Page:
Students examine Museum collection objects as part of a Q?rius school program. Photo by Jennifer Renteria, Smithsonian.
Students examine Museum collection objects as part of a Q?rius school program. Photo by Jennifer Renteria, Smithsonian.

Welcome back to school, teachers! As you get your 2017-2018 year underway, we would like to highlight the five top ways to bring the science resources of the Smithsonian National Museum of Natural History to your students.

1. Experience a Q?rius School...

Latest Posts

Why Are Blue Morpho Butterflies Blue? Find Out on ‘SEM Fridays’ at Our Electron Microscope Demo

Why are blue morpho butterflies blue? Come see for yourself at a weekly demonstration of a scanning electron microscope (or SEM) on “SEM Fridays” in Q?rius, The Coralyn W. Whitney Science Education Center. Watch me zoom in on a blue morpho sample at 15,000 times magnification, revealing clues to the butterfly’s color and more....Read more
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The blue morpho butterfly (Morpho peleides) can be found from Mexico south to Colombia, and in Trinidad. Smithsonian photo.

Going Deep for Octopods

Most familiar “octopods” (general term for octopuses and their close relatives) live in relatively shallow parts of the ocean. They are predators, who can benefit from the abundant food, such as fishes, crabs, and shrimps, in habitats such as shallow coral reefs....Read more
Ghost-like octopod of an unknown species discovered on the seafloor of the Pacific Ocean more than 4,000 meters down during a research cruise. Photo from NOAA Office of Ocean Exploration and Research, Hohonu Moana 2016.

Our Language, Ourselves

Every sentence we speak reveals something about who we are as humans. Even people speaking the same language have distinct dialects that are rooted in their history and culture. Whether you say “soda” or “pop” may reveal what country and what region you are from....Read more
Alberto Javier Reyes García, biologist at the National Herbarium in Mexico (MEXU), collecting plants in the Zapotec community of La Ventosa, Oaxaca, Mexico as part of Smithsonian-led research. Photo by Gibrán Morales Carranza.

What Do Kayakers and River Snails have in Common?

Both kayakers and river snails are animals who rely on freshwater. While for a kayaker, it’s for recreation, for a snail it’s about livelihood. Freshwater snails live underwater and feed on algae and other bits of aquatic food. Like kayakers, they depend on certain conditions of temperature, water flow, and water quality for their activities....Read more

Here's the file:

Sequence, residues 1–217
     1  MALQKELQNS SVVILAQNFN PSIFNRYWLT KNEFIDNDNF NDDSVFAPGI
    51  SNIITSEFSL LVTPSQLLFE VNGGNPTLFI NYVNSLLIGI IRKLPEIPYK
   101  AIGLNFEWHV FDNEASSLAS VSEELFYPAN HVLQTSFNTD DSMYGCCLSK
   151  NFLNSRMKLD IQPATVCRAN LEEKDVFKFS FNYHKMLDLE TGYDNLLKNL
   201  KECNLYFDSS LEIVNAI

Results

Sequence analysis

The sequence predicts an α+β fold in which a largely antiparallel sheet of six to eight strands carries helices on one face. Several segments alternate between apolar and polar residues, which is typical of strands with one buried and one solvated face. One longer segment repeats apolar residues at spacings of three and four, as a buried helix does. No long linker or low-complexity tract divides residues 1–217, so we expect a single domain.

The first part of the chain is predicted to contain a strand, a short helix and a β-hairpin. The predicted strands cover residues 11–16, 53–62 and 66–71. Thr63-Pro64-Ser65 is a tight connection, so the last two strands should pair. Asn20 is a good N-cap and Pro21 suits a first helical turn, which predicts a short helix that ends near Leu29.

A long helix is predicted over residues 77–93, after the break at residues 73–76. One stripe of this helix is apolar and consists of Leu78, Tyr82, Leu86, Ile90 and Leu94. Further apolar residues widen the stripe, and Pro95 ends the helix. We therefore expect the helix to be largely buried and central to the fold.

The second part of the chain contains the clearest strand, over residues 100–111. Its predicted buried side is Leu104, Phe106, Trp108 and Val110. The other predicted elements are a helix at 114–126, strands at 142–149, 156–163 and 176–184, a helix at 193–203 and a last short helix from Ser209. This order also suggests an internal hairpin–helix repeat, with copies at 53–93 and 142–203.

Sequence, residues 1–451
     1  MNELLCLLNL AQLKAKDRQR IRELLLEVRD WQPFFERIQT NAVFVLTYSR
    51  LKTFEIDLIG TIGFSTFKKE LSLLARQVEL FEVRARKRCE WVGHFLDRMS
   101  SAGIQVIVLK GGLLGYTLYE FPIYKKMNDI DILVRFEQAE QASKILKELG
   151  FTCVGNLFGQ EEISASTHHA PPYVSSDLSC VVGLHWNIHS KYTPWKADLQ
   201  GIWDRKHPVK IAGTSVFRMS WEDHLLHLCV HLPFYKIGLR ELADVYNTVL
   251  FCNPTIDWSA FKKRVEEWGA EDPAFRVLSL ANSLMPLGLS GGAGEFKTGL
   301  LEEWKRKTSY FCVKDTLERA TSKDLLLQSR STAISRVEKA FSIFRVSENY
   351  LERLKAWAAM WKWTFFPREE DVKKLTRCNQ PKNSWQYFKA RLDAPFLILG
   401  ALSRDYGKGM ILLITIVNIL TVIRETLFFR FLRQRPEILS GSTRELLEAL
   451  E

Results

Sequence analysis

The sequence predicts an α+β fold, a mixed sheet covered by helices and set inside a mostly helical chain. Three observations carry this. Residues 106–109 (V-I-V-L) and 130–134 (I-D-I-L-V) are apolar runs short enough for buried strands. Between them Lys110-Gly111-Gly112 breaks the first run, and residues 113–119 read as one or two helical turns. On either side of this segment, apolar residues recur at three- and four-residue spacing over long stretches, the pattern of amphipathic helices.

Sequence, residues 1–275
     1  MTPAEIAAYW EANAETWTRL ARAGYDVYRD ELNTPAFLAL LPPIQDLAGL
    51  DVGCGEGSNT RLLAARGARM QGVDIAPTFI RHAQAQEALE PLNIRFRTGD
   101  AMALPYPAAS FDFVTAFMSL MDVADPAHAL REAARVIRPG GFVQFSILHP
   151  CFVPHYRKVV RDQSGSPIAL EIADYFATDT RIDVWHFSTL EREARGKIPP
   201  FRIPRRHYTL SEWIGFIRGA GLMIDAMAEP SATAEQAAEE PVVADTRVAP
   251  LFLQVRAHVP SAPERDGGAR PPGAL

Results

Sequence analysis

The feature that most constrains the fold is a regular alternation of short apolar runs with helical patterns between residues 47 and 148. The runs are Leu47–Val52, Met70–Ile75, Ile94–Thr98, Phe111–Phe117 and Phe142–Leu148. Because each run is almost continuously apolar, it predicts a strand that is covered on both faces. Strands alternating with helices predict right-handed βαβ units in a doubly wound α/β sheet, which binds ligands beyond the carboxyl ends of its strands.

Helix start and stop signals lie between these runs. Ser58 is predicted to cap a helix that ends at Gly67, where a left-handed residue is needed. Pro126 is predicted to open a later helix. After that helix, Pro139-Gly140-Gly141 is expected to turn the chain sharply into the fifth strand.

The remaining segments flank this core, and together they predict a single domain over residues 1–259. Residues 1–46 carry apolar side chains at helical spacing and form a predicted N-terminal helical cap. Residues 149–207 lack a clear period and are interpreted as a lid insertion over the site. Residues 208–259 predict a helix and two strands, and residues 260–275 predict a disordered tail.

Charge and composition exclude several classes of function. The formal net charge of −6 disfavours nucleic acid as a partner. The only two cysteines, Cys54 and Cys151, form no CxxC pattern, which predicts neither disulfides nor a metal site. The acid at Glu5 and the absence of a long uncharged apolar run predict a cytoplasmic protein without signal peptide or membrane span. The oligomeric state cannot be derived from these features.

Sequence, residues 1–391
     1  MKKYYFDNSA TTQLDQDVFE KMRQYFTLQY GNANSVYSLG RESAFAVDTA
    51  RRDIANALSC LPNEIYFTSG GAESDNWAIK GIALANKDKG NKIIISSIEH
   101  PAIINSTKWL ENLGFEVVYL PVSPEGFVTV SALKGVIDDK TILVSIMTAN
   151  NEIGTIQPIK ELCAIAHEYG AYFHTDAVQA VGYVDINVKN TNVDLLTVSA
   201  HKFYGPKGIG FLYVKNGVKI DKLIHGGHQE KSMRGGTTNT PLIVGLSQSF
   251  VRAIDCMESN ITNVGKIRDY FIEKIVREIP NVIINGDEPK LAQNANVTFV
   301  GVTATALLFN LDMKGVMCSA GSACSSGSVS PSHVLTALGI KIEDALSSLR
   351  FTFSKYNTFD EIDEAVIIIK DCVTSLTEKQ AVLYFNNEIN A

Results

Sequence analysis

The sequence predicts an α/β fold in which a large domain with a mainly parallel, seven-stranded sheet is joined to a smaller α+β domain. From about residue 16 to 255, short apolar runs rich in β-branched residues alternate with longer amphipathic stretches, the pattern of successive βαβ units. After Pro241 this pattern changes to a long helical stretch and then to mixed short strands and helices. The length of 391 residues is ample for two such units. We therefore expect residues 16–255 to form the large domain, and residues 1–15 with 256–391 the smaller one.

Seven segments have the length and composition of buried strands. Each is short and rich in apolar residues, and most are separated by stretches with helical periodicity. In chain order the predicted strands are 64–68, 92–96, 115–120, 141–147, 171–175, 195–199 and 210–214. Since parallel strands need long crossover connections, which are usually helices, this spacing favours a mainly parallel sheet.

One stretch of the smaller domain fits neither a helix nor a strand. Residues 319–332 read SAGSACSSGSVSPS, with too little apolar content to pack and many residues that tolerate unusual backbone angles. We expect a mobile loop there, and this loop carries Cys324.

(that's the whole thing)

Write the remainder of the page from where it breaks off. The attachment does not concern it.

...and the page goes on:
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Keeled Ramshorn snail (Planorbis carinatus) that lives in rivers and lakes in Europe. Photo by Gerhard Falkner.

Giving Fossils a Facelift

A fossil, if you think about it, has not shown its best face in a long time, maybe never. It has spent millions of years embedded in rock, ice, tar, or amber. It is a fossil preparator’s job to remove a fossil from the surrounding materials to reveal it for study and display. The difficulty of the preparation depends not only on what the fossilized organism is, but also how it has changed over time....Read more
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A broken, fossil tyrannosaurid dinosaur tooth found on the ground in the Judith River Formation in Montana. Smithsonian photo by Michelle Pinsdorf.

How I Learned to Barcode Lizards during My Internship

This summer, I was a Youth Engagement through Science (YES!) 2.0 Global Genome intern at the Smithsonian National Museum of Natural History. The internship began with a two-week "bootcamp," during which we sequenced the DNA of the Iva annua plant (commonly known as the marshelder) in order to figure out what genes were involved in the plant’s domestication....Read more
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YES! Global Genome intern Camile gained experience working in a lab and learned how to DNA barcode lizards. Smithsonian photo.

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